Friday, September 16, 2011


We have almost completed two weeks of our bush orientation and I am proud to say that we are all still alive. Barely. Just kidding, mom.


Our days are filled with learning all kinds of new things like how to deal with an electrical system when your batteries are going bad, and how to conserve water when you are going into the dry season and your water tank leaks. These are all very real and very important parts of the training for tribal church planters.


We are also trying to continue our Pidgin study, and learn more about village life and culture in general. Monday we went with some of the people to harvest “saksak”. The English word for it is “sago” but I am sure that doesn’t help you much either.


Basically it is a huge tree that grows in the swamp. The people cut it down open it up, scrape out the pulp to make a starchy substance that is the staple in their diet. Then they use every other part of the tree to build their houses. When we get back to town and internet, I will do a more detailed post with pictures. But what you need to know right now is that is a lot of hot, sweaty, hard work that you do in the middle of the swamp with mud up to your calves and bees and mosquitoes flying all around you. And these people do this about once a week…so they will have food…so they won’t die. After that experience I will not complain about my “scratch” cooking.  I am ashamed of all the times I have opened a bag of flour, and thought, “Ugh this is so hard!”  Now I know it could be worse…much worse. I could have to go out and cut an entire field of wheat with a machete. Then carry it home and grind it into wheat first. And that would still be easier than what these people do. These real tribal wives are doing real scratch cooking. Like, starting with cutting down a huge flippin tree. I bet if any of them heard me complain, they would laugh, and say, “Lady, you don’t know squat about scratch cooking.” And I would hang my head in shame because they are right.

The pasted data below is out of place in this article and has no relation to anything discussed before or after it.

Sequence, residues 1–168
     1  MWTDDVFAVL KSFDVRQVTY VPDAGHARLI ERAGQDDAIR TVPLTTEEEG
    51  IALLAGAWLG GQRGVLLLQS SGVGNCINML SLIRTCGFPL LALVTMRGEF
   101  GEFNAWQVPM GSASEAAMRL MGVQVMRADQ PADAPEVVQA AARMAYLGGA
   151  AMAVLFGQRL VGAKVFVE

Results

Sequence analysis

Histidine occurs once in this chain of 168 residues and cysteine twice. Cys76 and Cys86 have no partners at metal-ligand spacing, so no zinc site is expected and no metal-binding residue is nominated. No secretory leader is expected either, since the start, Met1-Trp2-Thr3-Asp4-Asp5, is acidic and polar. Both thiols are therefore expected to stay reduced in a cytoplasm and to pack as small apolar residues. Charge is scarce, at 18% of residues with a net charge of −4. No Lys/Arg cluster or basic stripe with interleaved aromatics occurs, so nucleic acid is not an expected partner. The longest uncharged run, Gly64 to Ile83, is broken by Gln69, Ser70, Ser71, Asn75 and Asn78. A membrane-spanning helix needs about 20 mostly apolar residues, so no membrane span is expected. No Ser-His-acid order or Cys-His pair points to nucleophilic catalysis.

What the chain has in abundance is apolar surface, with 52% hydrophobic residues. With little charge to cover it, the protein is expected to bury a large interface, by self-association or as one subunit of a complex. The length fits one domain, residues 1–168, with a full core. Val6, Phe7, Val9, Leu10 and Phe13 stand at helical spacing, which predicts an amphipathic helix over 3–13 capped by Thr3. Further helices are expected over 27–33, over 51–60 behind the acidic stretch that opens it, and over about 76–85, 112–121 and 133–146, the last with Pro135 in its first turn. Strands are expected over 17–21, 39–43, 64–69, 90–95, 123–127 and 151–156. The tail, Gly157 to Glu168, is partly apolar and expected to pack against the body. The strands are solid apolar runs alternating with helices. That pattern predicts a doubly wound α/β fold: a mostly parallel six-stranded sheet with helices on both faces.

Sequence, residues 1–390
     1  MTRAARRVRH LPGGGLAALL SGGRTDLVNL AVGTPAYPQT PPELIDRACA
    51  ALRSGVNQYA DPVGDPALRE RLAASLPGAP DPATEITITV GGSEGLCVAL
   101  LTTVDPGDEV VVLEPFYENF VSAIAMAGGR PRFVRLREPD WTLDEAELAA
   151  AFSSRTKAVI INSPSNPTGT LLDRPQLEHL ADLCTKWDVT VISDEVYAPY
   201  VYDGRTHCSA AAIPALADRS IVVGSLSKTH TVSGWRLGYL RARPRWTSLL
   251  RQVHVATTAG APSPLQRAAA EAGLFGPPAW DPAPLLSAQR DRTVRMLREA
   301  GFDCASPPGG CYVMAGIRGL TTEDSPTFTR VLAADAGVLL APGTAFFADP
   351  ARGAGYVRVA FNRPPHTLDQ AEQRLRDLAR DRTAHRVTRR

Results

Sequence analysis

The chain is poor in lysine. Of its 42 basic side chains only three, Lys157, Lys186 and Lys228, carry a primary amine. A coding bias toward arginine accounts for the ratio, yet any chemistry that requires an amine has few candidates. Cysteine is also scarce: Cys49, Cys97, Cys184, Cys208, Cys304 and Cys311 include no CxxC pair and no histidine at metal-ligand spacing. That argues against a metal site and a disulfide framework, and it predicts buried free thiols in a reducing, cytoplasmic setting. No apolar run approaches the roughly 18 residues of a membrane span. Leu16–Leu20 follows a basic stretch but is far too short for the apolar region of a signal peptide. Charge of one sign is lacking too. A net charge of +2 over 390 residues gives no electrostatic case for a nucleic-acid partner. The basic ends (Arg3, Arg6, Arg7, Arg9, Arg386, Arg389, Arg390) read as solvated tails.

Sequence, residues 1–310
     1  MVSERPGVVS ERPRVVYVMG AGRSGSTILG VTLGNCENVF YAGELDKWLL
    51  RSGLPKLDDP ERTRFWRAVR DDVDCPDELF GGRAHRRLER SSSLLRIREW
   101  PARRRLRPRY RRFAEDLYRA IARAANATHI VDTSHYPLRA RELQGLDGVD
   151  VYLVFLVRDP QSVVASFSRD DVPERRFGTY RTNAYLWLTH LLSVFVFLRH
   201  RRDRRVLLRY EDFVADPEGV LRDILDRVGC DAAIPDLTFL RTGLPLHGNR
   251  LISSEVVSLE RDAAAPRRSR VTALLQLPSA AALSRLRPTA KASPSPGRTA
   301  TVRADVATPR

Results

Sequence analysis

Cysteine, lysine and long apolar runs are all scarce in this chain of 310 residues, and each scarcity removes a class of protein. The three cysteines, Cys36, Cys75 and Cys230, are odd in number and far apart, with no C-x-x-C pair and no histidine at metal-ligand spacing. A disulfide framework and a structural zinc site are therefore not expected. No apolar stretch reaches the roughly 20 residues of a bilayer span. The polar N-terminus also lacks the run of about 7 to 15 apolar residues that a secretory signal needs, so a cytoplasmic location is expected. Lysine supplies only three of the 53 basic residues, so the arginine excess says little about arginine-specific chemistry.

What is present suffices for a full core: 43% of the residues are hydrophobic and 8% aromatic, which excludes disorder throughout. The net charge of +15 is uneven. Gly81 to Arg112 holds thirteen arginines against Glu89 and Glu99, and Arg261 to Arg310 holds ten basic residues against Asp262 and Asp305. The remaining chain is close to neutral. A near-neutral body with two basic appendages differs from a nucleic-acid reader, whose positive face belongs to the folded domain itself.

Anyway, so that is just a little tid bit of what we are doing now. Learning a lot of new things and gaining a whole new perspective.  And sweating. We are doing lots and lots of sweating.




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